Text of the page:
At age nine, Jeremy Schack was involved in a serious accident and suffered a brain injury. “He was in ICU for three weeks, and then at Baylor Institute for Rehabilitation for four months,” his mother Catherine said. “It was an atypical injury to the cerebellum that did not impact his memory or intellect, but we didn’t know what the long-term outcome would be.”
While he was in ICU at Parkland Hospital, a representative for Dr. Sandra Chapman asked for permission to enroll him in their pediatric traumatic brain injury research study. This study enabled scientists to monitor the recovery of important cognitive, social, and emotional functioning abilities after a brain injury. Dr. Chapman and her team first saw Jeremy within a year of his accident and followed up with a cognitive assessment seven years later, when Jeremy was 16.
“The Center for BrainHealth was one of the first research centers to document later emerging deficits from a traumatic brain injury,” said Dr. Chapman. “Most studies only follow children with traumatic brain injury up to a year after their injury. We have been able to document a neurocognitive stall, or a halting or slowing in later stages of cognitive, social, and motor development beyond a year after brain injury, in pediatric patients like Jeremy.”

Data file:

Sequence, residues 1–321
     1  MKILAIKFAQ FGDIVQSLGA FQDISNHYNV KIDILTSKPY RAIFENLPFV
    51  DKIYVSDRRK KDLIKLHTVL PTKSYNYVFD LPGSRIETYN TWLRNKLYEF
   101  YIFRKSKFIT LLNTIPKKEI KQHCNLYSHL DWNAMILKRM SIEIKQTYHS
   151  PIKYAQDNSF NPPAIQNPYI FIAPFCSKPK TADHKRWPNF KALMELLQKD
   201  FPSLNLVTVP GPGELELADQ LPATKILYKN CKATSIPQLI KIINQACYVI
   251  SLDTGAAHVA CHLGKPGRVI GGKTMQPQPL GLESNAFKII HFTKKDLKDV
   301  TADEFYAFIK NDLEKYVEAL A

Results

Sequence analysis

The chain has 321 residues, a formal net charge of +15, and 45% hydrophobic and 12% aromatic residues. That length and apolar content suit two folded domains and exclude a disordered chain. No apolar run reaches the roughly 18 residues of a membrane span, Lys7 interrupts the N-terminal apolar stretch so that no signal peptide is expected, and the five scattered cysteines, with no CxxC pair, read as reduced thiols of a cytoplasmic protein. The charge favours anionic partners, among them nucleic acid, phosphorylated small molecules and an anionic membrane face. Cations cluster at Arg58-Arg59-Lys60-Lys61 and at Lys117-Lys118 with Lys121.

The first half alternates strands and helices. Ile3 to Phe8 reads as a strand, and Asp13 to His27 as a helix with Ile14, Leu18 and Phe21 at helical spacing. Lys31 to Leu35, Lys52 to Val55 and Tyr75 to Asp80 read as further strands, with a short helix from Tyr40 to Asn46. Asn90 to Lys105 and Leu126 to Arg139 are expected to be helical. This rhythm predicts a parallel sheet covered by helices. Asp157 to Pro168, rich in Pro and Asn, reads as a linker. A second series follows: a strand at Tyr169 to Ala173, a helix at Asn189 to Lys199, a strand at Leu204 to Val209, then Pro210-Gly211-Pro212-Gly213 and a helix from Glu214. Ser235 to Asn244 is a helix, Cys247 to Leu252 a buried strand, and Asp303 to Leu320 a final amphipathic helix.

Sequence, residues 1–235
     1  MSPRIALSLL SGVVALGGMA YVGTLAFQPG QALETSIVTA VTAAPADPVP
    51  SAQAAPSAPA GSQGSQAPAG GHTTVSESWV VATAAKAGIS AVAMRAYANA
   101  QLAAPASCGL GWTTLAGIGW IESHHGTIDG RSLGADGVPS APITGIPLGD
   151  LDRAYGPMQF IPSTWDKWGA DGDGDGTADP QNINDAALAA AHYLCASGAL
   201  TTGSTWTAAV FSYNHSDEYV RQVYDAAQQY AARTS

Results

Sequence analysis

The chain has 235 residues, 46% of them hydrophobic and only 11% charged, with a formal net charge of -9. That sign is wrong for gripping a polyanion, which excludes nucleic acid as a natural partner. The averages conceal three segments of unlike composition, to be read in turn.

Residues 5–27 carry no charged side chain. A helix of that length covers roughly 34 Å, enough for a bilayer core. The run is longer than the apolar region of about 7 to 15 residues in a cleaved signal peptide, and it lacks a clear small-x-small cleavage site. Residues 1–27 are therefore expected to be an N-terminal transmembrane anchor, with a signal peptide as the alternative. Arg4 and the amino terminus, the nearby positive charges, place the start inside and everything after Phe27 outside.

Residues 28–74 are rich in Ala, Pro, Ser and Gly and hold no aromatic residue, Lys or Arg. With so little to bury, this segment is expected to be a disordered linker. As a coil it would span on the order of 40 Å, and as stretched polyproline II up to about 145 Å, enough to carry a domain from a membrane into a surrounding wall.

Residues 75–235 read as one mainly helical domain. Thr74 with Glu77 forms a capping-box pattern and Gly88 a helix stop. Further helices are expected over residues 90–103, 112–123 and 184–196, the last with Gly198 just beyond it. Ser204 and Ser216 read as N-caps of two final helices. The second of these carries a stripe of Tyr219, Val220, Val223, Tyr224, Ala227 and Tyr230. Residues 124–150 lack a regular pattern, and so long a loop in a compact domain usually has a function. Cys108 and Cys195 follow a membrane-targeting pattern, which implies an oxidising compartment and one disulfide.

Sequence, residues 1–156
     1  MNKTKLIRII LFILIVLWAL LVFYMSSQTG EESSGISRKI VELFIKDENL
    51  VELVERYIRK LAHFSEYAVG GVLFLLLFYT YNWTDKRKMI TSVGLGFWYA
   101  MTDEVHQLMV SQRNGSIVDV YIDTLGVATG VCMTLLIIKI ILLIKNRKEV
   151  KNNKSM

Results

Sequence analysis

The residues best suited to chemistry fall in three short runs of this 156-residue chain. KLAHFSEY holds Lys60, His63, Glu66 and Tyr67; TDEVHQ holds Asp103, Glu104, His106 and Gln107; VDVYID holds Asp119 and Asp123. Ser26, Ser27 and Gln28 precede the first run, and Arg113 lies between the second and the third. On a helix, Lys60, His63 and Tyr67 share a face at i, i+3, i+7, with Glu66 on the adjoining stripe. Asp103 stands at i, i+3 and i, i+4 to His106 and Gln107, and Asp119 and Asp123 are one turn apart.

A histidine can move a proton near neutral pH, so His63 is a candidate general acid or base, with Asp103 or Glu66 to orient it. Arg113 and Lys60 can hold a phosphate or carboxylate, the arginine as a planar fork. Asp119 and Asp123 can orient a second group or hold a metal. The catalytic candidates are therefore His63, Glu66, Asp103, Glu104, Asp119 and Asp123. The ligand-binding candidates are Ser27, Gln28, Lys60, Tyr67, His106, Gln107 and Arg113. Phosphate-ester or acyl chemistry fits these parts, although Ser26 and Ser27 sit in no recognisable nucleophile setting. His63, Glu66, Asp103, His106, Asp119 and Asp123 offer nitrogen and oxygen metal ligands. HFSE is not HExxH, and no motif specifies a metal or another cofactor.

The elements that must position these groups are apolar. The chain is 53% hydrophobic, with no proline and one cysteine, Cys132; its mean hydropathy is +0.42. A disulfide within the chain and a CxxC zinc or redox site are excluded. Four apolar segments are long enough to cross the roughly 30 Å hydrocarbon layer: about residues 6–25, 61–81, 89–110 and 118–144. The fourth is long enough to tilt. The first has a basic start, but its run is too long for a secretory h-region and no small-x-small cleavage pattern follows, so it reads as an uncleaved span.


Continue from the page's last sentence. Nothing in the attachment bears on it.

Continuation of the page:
As Jeremy grew older and more independent, Catherine noticed that he sometimes had trouble focusing and setting goals. “While discussing his college grades with other family members, it suddenly occurred to me that this might be a long-term effect of the brain injury,” she said.
At age 25, Jeremy returned to the Center for BrainHealth for a summer-intensive session of SMART (Strategic Memory Advanced Reasoning Training). This cutting-edge cognitive intervention is designed to teach individuals how to more effectively assimilate, manage, and utilize information. These skills are crucial for both academic success and strengthening overall brain function in daily life.
“From the get-go, Jeremy was intrinsically motivated and wanted to better navigate the complexities of adult life,” said Dr. Lori Cook, the Center for BrainHealth neuroscientist who administered Jeremy’s SMART sessions. “What we have seen in Jeremy, as well as in other patients with traumatic brain injury, is that SMART often has a spillover effect to social abilities, thus truly transforming how someone handles everyday activities.”
“When he went back to school for the next semester, he was able to focus better, keep up with his classes, and do all that needs to be done as a college student,” said Catherine. “He got all A’s in his fall semester, even with the addition of another class.”
She continued, “Not only did the SMART program help Jeremy in his academic life, but his social skills have improved a lot as well. He is doing photography and web-casting for the UTA Movin’ Mavs wheelchair basketball team, keeping up his grades, and doing very well.”